1
$\begingroup$

I have misunderstanding the linear attenuation coefficient (L.A.C) concept. As known, L.A.C is depend on absorbed medium and energy of incident radiation. Supposing, L.A.C= 100 cm-1, how can this parameter measure the probability of interaction per unit of length however the probability values are between 0 and 1.

$\endgroup$

bumped to the homepage by Community 19 hours ago

This question has answers that may be good or bad; the system has marked it active so that they can be reviewed.

1
$\begingroup$

For a LAC $\mu$, the probability of interaction after a path length $l << 1/\mu$, is approximately: $P \approx l \cdot \mu$, e.g. if $l = 0.001 cm$ and $\mu = 100 \, \mathrm{cm}^{-1}$, then the probability of interactions is approximately: $P \approx 10\%$. This no longer applies when $l \gtrsim 1/\mu$.

More precisely, the probability of interaction (or the fraction of incident radiation which will interact) is: $$P = 1 - e^{-l \cdot \mu}$$ Or equivalently the Transmittance is, $$T = e^{-l \cdot \mu}$$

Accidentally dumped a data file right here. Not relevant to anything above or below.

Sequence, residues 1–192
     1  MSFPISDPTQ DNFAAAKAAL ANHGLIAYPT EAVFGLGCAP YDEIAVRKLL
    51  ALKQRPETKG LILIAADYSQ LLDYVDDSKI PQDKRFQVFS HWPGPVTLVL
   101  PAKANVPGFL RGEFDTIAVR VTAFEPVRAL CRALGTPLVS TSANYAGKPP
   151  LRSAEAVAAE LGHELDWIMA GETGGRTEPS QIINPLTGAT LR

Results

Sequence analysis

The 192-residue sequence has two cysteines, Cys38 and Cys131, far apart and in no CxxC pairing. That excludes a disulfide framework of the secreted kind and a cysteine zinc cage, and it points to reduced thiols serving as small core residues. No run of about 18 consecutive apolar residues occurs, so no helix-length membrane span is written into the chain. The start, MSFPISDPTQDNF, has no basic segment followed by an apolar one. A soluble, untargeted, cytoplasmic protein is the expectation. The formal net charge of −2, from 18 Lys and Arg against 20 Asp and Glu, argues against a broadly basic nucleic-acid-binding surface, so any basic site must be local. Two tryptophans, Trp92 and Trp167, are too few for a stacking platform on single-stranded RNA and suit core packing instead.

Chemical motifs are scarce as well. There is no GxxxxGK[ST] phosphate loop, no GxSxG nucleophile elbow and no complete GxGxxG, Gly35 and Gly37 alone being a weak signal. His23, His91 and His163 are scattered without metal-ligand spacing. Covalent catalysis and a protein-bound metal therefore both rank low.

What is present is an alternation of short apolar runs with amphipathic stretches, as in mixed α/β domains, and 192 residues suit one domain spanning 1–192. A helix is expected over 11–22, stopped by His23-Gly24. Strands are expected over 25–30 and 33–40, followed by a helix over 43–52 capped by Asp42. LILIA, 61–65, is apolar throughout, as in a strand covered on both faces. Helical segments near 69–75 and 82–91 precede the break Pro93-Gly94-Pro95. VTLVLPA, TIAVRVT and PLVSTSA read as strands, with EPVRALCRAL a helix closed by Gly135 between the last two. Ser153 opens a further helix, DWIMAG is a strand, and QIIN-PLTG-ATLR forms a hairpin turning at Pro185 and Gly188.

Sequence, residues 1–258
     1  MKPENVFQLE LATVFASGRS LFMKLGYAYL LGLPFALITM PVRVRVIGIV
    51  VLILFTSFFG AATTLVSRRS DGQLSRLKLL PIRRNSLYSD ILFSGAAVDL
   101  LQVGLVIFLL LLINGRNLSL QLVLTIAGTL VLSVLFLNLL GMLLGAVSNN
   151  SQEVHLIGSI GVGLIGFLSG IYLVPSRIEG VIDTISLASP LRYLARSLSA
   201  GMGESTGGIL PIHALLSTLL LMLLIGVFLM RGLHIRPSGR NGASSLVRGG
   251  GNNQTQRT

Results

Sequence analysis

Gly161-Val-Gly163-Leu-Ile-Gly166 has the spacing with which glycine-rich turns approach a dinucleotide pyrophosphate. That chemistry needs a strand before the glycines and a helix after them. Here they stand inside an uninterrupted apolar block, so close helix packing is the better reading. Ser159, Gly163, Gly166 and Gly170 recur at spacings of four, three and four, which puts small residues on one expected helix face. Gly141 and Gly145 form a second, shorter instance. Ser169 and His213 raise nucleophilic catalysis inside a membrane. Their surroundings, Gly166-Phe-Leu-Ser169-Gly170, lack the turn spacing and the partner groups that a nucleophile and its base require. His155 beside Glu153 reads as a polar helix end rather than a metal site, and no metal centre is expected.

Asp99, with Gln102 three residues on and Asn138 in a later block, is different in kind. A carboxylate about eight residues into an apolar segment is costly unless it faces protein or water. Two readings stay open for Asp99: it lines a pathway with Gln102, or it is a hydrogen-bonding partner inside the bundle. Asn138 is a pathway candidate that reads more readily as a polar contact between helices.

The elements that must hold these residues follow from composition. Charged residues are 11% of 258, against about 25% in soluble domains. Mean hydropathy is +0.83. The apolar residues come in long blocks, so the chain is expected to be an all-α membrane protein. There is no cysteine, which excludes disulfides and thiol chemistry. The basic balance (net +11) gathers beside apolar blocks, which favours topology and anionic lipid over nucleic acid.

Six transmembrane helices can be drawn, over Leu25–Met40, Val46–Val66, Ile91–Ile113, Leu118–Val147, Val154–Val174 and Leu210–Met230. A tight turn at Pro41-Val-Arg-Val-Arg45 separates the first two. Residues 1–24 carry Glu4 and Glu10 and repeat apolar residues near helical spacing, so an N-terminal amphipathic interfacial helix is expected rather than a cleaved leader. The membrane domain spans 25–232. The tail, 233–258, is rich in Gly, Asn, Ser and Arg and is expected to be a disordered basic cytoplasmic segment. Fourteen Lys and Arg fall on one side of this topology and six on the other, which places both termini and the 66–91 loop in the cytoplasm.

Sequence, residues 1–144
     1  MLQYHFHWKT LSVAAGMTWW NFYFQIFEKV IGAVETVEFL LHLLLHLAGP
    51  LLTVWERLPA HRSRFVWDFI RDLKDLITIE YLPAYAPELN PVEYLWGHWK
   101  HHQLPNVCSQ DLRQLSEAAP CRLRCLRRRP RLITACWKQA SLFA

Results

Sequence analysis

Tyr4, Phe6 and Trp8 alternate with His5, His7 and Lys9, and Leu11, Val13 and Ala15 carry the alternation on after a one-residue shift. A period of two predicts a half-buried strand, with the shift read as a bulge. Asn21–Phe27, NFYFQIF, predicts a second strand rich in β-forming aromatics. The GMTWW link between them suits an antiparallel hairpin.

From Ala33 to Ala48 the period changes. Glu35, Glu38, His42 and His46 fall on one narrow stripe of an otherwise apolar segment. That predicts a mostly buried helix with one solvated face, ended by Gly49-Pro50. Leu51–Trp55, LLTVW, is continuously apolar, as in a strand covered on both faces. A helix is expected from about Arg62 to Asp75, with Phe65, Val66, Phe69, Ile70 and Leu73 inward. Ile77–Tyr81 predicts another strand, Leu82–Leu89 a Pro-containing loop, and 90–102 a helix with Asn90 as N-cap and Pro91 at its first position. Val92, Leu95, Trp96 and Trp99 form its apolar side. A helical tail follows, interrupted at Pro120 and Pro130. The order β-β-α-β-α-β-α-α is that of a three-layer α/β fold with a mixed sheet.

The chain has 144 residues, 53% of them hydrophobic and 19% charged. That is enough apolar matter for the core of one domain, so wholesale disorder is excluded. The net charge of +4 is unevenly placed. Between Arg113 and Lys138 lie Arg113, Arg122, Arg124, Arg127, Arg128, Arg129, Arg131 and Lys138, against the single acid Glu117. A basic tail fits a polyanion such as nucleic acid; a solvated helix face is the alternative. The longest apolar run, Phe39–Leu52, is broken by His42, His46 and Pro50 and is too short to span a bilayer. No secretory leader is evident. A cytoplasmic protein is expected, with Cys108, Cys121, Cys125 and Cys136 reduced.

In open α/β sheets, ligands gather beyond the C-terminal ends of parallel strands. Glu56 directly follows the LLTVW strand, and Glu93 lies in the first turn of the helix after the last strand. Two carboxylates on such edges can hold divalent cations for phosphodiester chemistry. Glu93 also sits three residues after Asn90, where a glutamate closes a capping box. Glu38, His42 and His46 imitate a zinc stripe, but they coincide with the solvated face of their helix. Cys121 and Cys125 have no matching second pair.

This is often expressed using the mean-free-path $\lambda = 1/\mu$, such that typically a photon will interact after a distance $\lambda$.

$\endgroup$
  • $\begingroup$ Thank you DilithiumMatrix for your answer. It seems clear now for me the μ concept. $\endgroup$ – Jafarino Dec 14 '16 at 11:23
0
$\begingroup$

The linear attenuation coefficient $\mu$ is defined using fractional beam absorption, i.e.

$\mu(x) \equiv -\frac{1}{I} \frac{dI}{dx} $

where $I$ is the intensity of the beam. Rearranging a bit leaves you with:

$\frac{dI}{I} = -\mu(x)dx$

The right hand side can be interpreted as the probability of interaction per unit length. It is properly constrained between 0 and 1 because no change in intensity can be greater than the total intensity $I$. Integrating both sides will give the probability of absorption over some distance $l$ which DilithiumMatrix covers nicely in their answer.

$\endgroup$

Your Answer

By clicking “Post Your Answer”, you agree to our terms of service, privacy policy and cookie policy

Not the answer you're looking for? Browse other questions tagged or ask your own question.